News May 2019

Froch and Groves provide a classic. Ringside report

24.11.2013

By @John_Evans79

Firstly, what a fight.

The excitement that Carl Froch, 32-2 (23 KO’s), and George Groves, 19-1 (15 KO’s), provided last night in their IBF/WBA super middleweight title fight shouldn’t be overshadowed by the decision of referee Howard Foster to halt Groves in the ninth round of a war, bringing a premature end to the pulsating clash.

Mid way through the round Froch landed a right hook high on Groves’ head, seemingly upsetting his balance. With Groves backed up to the ropes, Froch landed two hard follow up shots. The punches landed cleanly and Groves was obviously hurt but he never lost his senses. He closed the distance and kept his hands up.



It was at that point that Foster decided to stop the action. Maybe Froch would have gone on to end matters, maybe Groves would have been able to recover in the same fashion Froch had after that dramatic first round knockdown. We’ll never know. In stepping in so early, Foster robbed both men of the opportunity to prove who the better man truly was.

After weeks of build up, the fight managed to exceed expectations. Froch came to fight and – as good as his word – so did his confident challenger.

The difference in hand speed was evident from the initial exchanges. That we expected. What we didn’t expect to see was Froch so badly hurt, so early. The beautiful left hook, right hand combination which floored him, for only the second time in his career, in the opening round would have finished every other super middleweight on the planet and Froch can thank himself lucky that the punch didn’t land 30 seconds earlier.

From that point on, the 25 year old Groves put on a clinic. Whenever he let his hands go in combination, he couldn’t miss Froch and as the rounds wore on, ‘The Cobra’ began to take a worrying amount of punishment. Groves confounded the experts who claimed he would look to win the fight on the back foot by punching with Froch whenever the champion unleashed his increasingly desperate attacks. When Froch did eventually begin to find his range in the fifth round, Groves bounced off his stool to completely dominate the sixth.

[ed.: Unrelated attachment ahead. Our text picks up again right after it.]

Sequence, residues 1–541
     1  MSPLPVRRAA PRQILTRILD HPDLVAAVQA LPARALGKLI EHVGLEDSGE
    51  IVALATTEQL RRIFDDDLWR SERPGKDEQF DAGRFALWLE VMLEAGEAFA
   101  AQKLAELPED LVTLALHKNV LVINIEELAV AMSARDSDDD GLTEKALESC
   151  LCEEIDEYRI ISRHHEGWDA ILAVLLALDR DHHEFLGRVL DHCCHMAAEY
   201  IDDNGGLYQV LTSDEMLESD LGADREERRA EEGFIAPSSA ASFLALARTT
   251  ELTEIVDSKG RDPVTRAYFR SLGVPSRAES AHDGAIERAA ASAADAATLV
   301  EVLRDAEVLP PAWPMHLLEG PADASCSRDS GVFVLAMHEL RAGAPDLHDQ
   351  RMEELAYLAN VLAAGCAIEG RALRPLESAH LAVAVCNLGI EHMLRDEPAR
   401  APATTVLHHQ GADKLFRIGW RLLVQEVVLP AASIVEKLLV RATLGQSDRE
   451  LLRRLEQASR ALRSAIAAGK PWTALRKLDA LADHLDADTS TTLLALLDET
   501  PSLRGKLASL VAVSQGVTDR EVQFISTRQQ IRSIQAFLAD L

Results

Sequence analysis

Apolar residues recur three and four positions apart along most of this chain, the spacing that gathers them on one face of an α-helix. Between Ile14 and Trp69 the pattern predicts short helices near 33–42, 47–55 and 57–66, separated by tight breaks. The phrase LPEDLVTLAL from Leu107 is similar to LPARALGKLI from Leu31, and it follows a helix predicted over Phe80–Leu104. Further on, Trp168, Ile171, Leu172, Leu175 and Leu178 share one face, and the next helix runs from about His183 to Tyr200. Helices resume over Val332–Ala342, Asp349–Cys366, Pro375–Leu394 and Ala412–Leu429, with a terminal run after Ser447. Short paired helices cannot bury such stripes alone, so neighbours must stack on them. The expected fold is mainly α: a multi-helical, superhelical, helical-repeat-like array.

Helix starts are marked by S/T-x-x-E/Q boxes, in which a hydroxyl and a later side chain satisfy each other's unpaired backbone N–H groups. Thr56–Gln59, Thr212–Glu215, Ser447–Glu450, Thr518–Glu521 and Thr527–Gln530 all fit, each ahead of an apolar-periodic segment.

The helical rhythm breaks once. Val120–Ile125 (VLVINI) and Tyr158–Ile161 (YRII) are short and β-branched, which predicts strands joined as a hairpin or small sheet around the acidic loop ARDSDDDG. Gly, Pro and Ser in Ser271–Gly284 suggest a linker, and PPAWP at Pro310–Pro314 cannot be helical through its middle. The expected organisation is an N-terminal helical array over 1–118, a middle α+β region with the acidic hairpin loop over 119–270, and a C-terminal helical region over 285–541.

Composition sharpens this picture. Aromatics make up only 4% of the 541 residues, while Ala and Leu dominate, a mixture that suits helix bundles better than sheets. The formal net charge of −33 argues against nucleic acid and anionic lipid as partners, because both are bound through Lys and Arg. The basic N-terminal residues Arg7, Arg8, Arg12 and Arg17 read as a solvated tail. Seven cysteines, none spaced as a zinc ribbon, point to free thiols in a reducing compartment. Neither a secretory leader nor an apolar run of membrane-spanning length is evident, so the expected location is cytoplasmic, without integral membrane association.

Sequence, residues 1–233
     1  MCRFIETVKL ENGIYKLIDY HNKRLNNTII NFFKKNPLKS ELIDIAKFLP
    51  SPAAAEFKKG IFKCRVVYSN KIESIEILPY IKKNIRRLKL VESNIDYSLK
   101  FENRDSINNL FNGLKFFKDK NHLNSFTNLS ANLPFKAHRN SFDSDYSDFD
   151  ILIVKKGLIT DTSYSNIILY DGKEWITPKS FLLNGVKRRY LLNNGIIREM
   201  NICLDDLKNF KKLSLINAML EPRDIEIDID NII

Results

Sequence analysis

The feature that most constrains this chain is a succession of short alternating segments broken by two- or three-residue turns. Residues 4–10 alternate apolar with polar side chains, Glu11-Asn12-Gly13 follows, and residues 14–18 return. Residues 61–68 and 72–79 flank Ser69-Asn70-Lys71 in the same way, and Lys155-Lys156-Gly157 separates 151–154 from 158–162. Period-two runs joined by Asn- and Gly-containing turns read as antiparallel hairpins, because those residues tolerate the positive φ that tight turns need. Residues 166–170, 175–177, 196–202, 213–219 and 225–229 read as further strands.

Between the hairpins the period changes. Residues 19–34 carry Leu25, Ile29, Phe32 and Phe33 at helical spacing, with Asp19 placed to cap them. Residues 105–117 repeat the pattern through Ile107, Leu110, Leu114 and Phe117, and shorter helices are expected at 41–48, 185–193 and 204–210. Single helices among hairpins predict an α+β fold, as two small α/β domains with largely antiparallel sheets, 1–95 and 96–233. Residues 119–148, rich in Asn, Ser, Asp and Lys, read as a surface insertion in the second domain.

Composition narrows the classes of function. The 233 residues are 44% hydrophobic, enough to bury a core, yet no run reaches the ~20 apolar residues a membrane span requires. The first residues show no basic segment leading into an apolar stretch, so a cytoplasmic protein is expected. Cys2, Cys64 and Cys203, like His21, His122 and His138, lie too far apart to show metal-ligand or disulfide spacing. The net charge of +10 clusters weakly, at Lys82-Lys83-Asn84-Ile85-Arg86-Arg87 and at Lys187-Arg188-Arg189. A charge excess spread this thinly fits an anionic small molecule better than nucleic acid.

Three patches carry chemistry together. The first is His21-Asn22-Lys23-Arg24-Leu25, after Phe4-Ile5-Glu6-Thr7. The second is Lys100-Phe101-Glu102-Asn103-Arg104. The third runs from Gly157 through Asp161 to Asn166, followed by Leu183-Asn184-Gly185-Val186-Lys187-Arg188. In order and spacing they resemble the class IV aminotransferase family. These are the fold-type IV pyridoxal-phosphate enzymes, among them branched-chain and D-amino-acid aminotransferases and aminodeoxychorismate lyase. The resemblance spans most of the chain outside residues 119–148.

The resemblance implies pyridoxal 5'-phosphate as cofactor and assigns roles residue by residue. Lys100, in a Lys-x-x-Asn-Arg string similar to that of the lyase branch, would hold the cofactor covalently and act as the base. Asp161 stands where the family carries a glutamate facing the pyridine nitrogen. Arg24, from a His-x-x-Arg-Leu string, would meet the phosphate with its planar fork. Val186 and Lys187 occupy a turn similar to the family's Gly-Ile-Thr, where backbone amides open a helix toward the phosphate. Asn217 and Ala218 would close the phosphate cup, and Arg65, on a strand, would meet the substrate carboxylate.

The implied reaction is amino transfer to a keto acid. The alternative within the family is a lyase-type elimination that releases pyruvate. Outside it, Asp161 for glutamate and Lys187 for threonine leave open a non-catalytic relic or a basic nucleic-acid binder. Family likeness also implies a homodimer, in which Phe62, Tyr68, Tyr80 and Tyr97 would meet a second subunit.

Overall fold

Until the dramatic ending, the course of the fight didn’t deviate from the plan Groves laid out at the pre fight press conference. He met Froch in the centre of the ring, won the battle of the jab and landed right hands at will. Although he managed to get to the younger man late in the fight Froch didn’t ‘solve’ Groves last night, he somehow managed to outlast him.

How the man from Nottingham is still able to dig so deep after such a long, hard career only he knows. It is remarkable but at 36 years old and after his eleven world title fights Froch still retains every bit of the determination and desire which highlighted his rise to world title level five years ago when he outlasted Jean Pascal in a similar battle. Toughness is more than possessing an iron chin, the mental fortitude required to come through the ordeal Froch did last night and still prevail is hard to imagine.

As Groves struggled to hold himself together during his post fight interview, the atmosphere inside the arena changed. Froch may have left Manchester with his cherished world title belts but may have lost the title which maybe means the most to him. That of the People’s Champion.

Groves’ brave, exciting performance and dignified post fight interview won over an initially hostile crowd. To have performed to the level he did following a turbulent few weeks during which he split from long time trainer Adam Booth and teamed up with Paddy Fitzpatrick is remarkable.

Groves is happy to walk his own path away from the mainstream and it won’t sit at all well with him but in keeping with the all British nature of the night, Groves managed to do the very British thing and become a hero in defeat. He may not be a world champion this morning but he is now arguably the biggest star in British boxing.



For Froch the future is less certain. By grinding down and stopping Groves, he did exactly as he predicted yet even he would readily admit that it was a far harder task to accomplish than he could ever have imagined.

The biggest fight available to him – and British boxing – is an immediate rematch. Froch will have to decide whether to play out the remainder of his career settling a rivalry with a fighter he spent weeks denigrating or attempting to add more big names to an already glittering CV.

What a fight though!

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